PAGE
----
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  #211  
Old 03-01-2020, 07:58 PM
smitty9 smitty9 is offline
 
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Default Lots of money to be made on the way down...

...and you don't even have to short stocks.

You could buy put options (insurance), though volatility has inflated their prices.

You could also buy/sell volatility itself.

Lots of opportunities for derivatives traders. Call and Put options can be your best friend.
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  #212  
Old 03-01-2020, 08:15 PM
Scott h Scott h is offline
 
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Originally Posted by Justfishin73 View Post
Well, you must have a tiny portfolio or nads of steel. 40% loss would not make me happy.
Neither, but I don't require the money I've invested for years. Don't get me wrong, I'd rather the market kept going up but I do think that this is going to be what pushes the market into a major "correction". Thankfully I have zero debt.
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  #213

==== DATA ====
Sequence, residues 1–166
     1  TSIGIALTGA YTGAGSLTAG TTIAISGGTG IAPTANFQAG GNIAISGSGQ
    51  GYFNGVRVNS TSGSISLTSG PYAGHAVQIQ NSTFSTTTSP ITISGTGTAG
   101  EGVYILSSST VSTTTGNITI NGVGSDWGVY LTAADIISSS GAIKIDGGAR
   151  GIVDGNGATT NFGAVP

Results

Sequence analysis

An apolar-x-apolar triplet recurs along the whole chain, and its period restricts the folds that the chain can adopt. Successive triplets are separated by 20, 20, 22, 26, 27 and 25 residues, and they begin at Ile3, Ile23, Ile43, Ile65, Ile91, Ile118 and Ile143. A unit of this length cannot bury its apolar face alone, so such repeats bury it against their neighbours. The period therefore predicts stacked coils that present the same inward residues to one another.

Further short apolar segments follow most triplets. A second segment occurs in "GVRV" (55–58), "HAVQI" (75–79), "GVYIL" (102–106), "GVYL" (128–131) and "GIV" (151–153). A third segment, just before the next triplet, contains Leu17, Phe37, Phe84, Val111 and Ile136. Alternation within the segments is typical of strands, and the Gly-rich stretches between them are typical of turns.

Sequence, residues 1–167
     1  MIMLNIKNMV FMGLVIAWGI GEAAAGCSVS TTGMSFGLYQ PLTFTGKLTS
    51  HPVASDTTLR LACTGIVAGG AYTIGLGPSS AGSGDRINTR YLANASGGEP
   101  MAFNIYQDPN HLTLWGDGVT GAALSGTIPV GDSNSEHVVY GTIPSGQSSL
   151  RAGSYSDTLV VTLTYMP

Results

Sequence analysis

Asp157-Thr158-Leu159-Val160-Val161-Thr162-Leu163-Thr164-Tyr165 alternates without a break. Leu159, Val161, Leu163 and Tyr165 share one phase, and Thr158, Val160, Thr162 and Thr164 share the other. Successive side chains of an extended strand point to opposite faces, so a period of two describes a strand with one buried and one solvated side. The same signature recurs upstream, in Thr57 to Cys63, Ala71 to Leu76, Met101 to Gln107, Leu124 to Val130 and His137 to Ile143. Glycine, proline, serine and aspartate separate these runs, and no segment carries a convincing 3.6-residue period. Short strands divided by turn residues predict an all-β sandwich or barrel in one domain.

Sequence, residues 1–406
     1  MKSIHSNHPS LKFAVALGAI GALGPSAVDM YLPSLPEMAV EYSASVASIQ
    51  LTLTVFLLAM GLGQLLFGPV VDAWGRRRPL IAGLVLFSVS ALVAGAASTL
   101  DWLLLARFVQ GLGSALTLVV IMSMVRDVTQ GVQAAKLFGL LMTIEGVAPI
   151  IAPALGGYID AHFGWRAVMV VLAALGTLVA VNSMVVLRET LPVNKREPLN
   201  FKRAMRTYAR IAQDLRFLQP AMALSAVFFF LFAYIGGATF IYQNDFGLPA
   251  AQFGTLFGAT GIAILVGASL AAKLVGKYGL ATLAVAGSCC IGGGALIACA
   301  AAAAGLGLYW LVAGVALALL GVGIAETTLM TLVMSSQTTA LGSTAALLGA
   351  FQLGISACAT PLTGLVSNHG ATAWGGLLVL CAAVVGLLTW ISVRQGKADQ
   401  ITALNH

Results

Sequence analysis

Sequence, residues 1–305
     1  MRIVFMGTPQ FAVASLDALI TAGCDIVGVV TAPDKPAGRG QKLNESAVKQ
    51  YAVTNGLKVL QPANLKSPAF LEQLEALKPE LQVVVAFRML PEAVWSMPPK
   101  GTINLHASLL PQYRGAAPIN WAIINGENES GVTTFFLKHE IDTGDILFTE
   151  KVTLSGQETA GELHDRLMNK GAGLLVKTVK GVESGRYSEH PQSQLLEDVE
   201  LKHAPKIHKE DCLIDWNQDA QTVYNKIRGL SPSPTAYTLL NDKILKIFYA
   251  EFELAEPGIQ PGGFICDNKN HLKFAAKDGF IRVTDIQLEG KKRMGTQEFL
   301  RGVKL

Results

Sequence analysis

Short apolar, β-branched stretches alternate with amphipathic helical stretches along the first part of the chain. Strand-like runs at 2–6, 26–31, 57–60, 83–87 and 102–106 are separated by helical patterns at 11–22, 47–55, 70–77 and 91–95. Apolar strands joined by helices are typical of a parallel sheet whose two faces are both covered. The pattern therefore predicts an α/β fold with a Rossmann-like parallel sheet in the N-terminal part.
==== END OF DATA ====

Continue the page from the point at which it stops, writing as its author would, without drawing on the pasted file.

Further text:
Old 03-01-2020, 08:16 PM
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Originally Posted by LJalberta View Post
Of course he also says that almost no professional fund manager will beat the indexes in the long run, and that it's not a matter of not doing the 'hard work' of making investment decisions. It's the fact that to actually beat the markets you'll be a statistical anomaly. It's rare professional fund managers do it, and even more rare the average joe will do it. Of course someone's gotta be exception.
No, not really. The message is that individual investors using portfolio managers will not beat the market on average due to the high fees charged by those active managers to make your decisions. Think mutual fund managers, the smoo's at the bank and the hedge fund guys. Fees matter. He recommends Etf's for individual investors due to the low costs and diversification.

The stock market is a "zero sum game", there are as many winners as losers, it's the costs that make the difference. Trading costs, research costs, etc, etc.